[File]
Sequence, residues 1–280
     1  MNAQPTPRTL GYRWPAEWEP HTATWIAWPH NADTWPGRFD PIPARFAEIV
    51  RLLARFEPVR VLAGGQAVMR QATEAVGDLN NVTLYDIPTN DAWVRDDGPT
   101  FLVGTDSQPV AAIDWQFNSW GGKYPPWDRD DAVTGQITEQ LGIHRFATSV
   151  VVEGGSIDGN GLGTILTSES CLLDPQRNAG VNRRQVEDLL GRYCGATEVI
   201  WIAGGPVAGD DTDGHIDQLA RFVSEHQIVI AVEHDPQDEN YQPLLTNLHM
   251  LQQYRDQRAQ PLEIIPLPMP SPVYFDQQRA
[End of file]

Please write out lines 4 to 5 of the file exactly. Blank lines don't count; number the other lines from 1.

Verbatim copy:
   101  FLVGTDSQPV AAIDWQFNSW GGKYPPWDRD DAVTGQITEQ LGIHRFATSV
   151  VVEGGSIDGN GLGTILTSES CLLDPQRNAG VNRRQVEDLL GRYCGATEVI